Including both unrestricted and reserve dollars, the city of Scottsdale has just over $48 million beyond its General Fund allocation this fiscal year, says Councilman Phillips.

“Although you don’t want to have to delete it completely, the money is there,” he said. He intends to ask his council colleagues why they are entertaining this request. “That’s the $100 million-dollar question I will pose to them at the council meeting.”

To be reserved or unreserved?

Scottsdale Treasurer Jeff Nichols says the General Fund reserve blance is critical in maintaining the city’s AAA bond rating.

“The General Fund Reserve is a stabilization reserve that continues the city’s adopted financial policy of setting aside a reserve to protect Scottsdale in times of unforeseen emergencies or catastrophic impacts to the city,” he said in a Nov. 3 written response to e-mailed questions.

“It is considered financially prudent to have a minimum General Fund Reserve of 10 percent of the General Fund total annual operating costs. Maintaining the General Fund Reserve is very important to the municipal credit rating agencies and in retaining the City’s AAA bond ratings.”

Mr. Nichols contends the unreserved General Fund balance is what is left over after contigency and reserve dollars are identified.

“This balance represents an accumulation of one-time revenues and is most appropriately used for one-time expenditures,” he said of the $23.8 million of current unreserved dollars.

“Under prudent fiscal management practices, this amount should not be used to fund new or expanded programs with ongoing operating expenses. Per adopted financial policy No. 17, any year-end General Fund operating surpluses (unreserved fund balance) not needed to restore contingency reserves or cover unforeseen shortfalls in the budget, but in no case less than 25 percent of construction privilege tax revenues plus 100 percent of net interest income in excess of $1 million, will be transferred to the General Fund capital improvement program in the following fiscal year unless otherwise directed by city council.”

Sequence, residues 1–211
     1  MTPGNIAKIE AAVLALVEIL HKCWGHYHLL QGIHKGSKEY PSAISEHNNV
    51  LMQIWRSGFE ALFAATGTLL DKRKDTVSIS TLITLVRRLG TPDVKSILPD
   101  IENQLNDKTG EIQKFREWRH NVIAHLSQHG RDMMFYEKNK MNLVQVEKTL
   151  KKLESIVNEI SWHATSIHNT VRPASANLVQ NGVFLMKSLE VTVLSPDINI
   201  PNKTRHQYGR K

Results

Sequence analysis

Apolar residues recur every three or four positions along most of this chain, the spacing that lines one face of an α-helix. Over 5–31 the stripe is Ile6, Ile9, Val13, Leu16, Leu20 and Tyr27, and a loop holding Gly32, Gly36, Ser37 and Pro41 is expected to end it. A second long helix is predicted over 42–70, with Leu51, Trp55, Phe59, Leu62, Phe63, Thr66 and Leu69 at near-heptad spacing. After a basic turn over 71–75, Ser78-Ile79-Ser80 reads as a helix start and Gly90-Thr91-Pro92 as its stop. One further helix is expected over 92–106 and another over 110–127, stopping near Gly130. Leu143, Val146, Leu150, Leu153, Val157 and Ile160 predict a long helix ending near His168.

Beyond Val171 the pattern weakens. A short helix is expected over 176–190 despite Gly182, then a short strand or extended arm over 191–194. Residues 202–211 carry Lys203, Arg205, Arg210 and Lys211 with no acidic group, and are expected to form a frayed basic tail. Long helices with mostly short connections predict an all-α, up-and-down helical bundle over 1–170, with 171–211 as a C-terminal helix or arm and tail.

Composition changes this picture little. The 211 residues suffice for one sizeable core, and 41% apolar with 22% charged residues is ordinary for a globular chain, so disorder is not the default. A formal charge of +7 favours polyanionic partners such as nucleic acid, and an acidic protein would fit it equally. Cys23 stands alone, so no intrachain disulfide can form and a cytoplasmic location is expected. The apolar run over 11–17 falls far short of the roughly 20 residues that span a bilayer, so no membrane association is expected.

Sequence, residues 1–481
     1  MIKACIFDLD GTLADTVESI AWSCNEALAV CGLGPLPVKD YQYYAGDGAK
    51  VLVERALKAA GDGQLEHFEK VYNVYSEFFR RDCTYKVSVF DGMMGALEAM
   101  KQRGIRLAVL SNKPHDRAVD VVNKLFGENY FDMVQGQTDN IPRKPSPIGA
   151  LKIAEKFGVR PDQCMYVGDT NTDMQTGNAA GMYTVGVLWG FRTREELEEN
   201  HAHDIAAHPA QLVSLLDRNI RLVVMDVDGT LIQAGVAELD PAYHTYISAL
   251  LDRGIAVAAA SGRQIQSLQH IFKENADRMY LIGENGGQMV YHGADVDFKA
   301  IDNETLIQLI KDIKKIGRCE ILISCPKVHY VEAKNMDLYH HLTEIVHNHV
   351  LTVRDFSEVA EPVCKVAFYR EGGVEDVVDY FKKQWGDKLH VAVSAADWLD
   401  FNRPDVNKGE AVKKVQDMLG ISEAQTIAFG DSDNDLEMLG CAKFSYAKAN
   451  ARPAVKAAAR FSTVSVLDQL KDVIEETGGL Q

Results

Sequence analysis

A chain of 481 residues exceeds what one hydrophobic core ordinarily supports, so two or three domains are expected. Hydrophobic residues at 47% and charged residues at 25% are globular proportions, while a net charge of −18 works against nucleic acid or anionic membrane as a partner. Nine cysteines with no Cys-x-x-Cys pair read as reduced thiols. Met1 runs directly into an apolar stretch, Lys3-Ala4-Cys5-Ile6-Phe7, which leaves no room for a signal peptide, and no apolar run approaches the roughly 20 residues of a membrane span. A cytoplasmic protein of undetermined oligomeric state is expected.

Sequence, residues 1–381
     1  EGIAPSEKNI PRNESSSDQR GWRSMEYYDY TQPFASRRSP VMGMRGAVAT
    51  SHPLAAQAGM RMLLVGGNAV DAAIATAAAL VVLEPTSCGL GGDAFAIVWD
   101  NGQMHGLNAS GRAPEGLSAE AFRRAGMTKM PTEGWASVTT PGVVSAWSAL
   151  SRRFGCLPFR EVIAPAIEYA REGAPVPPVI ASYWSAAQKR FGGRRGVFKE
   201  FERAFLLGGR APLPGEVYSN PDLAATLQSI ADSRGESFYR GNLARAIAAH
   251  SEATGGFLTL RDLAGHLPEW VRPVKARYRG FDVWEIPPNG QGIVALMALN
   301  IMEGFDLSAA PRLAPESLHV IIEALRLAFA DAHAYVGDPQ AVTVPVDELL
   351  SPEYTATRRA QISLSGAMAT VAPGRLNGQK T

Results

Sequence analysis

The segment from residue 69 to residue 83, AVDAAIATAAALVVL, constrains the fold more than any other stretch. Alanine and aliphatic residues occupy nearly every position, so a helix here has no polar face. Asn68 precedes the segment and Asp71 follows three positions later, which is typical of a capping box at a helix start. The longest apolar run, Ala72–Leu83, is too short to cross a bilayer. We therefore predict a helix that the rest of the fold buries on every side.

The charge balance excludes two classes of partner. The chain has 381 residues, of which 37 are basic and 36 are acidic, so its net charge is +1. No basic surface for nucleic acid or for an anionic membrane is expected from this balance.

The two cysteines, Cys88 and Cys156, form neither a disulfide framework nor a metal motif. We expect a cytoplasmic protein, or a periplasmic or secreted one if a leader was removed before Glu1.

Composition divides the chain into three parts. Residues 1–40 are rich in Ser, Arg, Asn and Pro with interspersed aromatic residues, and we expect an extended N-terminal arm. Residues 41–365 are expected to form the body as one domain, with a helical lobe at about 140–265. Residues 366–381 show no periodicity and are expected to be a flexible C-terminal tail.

Mr. Nichols explains reserve dollars do not necessarily mean liquid cash.

“Contingency reserves may also be used for unanticipated and/or inadequately budgeted events threatening the public health or safety,” he explained.

“The General Fund unreserved fund balance is not ‘accessible for general City business’ in the current fiscal year as no appropriation was adopted by city council authorizing the spending of the funds. Municipal budgeting requires funds to be appropriated prior to spending — meaning just because we have the ‘cash’ doesn’t mean we can spend it. City Council must adopt an appropriation for the ‘cash.’ This is done annually through the budget adoption process.”

Unreserved or reserved, Councilman Phillips says Scottsdale City Council is not good a good steward of taxpayer dollars.

“The council spends your tax dollars for special interest groups and routinely ignores everyday expenses — this is why I opposed the bonds in the first place. We give the cultural council $4.3 million of your tax dollars every year. If they are short of funds we should be auditing their books, not giving them more money. Does the Cultural Council operate at a loss each year? I don’t know, but we should be scrutinizing their records before handing them another $3 million of your tax dollars.”

Independent Newsmedia Arizona Managing Editor Terrance Thornton can be contacted at